A RECENT visit to Glasgow with a Roman history nut found us staring in wonder at The Hunterian’s Antonine Wall exhibition.
The pick of the exhibits, for me, the c142AD stone whose remarkable Latin inscription gave the wall its name.
Exiting the gallery, I glanced at a rather small and insignificant display case containing a set of coins in an old folder. They were British coins from the Victorian era, but rather special all the same, as I noticed the Queen’s ‘bun’ on them, indicating that they were from the early part of her reign, the period portrayed by Genna Coleman in STV’s sumptuous Sunday-night drama.
This was a ‘proof’ set of coins from 1839 emblazoned with the attractively-young profile of Queen Victoria made famous by the Royal Mint’s chief engraver William Wyon.
Then lo and behold, an auction alert from the medal specialist Dix Noonan Webb revealed that a comparable set was estimated to fetch around a quarter of a million pounds at its coins and historical medals sale in London this month.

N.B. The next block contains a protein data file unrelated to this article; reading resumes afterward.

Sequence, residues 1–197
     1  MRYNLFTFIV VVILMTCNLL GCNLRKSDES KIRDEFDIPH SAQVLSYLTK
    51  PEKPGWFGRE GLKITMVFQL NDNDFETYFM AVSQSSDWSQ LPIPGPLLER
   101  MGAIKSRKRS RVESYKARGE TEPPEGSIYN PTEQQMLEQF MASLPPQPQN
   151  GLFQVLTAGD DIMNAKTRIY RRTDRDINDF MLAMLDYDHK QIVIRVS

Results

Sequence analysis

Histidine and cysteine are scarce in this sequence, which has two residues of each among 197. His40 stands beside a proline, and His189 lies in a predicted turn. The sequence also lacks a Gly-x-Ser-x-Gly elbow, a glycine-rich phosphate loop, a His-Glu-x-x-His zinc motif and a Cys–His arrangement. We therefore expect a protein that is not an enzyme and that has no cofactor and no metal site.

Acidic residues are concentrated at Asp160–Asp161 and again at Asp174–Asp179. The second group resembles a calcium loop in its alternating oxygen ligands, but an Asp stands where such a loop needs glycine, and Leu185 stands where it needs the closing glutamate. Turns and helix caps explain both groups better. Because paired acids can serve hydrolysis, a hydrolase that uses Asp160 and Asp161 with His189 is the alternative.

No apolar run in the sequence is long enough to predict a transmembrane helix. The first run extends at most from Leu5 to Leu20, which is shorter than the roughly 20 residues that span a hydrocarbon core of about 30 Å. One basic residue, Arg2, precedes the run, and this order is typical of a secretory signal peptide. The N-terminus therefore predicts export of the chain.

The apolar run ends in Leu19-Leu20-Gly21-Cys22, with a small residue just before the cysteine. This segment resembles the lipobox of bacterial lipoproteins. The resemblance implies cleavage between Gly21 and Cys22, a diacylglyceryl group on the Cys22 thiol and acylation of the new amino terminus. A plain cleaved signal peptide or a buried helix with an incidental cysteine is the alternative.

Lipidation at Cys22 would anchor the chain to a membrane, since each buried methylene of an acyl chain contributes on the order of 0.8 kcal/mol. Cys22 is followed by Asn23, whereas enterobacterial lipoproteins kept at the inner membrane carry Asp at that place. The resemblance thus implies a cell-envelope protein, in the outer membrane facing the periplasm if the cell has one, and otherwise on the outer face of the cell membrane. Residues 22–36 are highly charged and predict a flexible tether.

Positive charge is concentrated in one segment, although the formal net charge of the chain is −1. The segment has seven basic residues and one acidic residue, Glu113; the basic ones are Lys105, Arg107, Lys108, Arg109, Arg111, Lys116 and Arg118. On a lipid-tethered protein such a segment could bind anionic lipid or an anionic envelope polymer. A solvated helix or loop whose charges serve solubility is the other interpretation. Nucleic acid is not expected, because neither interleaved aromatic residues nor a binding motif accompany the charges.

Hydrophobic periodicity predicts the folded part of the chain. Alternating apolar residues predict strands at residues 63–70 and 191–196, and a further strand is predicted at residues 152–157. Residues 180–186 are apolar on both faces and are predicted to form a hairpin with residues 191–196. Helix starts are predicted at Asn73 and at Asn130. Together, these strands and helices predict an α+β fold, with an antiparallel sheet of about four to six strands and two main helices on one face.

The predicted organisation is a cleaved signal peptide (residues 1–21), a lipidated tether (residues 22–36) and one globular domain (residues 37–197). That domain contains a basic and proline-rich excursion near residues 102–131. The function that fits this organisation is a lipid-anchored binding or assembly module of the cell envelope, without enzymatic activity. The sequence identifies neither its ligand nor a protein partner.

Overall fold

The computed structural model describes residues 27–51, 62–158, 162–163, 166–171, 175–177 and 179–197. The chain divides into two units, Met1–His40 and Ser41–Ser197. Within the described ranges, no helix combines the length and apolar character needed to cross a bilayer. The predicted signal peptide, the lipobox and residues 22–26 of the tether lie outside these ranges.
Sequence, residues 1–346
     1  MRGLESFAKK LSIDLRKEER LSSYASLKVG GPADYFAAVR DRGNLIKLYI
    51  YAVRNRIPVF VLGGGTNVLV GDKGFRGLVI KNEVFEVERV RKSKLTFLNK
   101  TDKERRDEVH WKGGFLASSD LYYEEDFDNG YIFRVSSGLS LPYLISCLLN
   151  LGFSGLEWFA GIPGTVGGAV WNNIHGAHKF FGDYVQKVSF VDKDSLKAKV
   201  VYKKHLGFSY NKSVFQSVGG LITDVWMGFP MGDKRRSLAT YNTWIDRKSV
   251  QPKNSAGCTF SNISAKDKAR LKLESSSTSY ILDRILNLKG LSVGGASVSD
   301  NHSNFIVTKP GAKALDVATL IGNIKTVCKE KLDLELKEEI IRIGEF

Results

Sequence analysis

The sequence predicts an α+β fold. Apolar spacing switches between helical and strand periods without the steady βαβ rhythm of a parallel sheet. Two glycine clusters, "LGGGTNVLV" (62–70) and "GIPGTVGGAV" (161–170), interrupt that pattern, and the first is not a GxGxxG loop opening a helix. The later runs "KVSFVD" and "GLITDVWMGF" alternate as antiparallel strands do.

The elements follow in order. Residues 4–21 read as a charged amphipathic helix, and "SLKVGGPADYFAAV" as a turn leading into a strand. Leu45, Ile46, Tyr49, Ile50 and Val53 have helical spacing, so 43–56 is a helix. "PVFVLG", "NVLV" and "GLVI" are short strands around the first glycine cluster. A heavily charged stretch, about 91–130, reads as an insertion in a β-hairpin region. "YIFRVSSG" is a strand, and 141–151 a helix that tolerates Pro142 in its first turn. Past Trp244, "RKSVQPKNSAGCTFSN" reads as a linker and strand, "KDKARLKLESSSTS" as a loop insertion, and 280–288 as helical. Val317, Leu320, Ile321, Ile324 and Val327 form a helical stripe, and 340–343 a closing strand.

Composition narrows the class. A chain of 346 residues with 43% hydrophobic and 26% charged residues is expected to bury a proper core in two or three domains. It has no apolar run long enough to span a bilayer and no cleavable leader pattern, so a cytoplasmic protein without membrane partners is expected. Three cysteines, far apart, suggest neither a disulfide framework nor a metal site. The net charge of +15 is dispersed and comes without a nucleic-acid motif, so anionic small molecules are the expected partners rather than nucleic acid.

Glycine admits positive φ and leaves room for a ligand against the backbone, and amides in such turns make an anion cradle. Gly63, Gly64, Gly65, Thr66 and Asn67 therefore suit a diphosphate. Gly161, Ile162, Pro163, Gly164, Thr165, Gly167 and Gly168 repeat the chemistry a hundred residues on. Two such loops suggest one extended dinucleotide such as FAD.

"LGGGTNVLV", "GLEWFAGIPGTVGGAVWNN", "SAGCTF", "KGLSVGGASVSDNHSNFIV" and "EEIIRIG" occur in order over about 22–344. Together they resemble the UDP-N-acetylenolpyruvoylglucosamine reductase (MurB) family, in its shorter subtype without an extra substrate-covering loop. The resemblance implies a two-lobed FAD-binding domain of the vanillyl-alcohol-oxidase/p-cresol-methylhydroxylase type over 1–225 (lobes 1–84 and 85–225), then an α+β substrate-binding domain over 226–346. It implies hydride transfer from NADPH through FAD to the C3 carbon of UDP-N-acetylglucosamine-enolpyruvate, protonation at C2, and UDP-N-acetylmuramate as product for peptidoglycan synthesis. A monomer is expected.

This was a “virtually mint and brilliant” 1839 British proof, or specimen, set of 15 gold, silver and copper coins housed in their original fitted black case.
The 15 coins included three gold coins, the gold sovereign, the half sovereign, and the hugely-expensive at the time five pounds coin – the latter of great rarity, a single £5 example selling in March for £170,000 at coin dealers Baldwin’s.
The 11 remaining coins were the crown (five shillings), halfcrown, shilling, sixpence, groat, penny, halfpenny, farthing and four Maundy coins for 1839.
The issue is known as the Una and Lion set, as the reverse of each coin shows Queen Victoria as Una, a character from Edmund Spenser’s poem, The Faerie Queene, from 1590, guiding the British lion.
The Dix Noonan Webb set was sold by Spink in 1938 for £37, and has remained with the family of the purchaser ever since.
Virtually in mint state, the gold with minimal hairlines, silver with attractive light tone, copper as struck and bronzed, in original contemporary fitted case, the set found a buyer at a mid-estimate £220,000, making it one of the most valuable proof sets ever sold in the UK.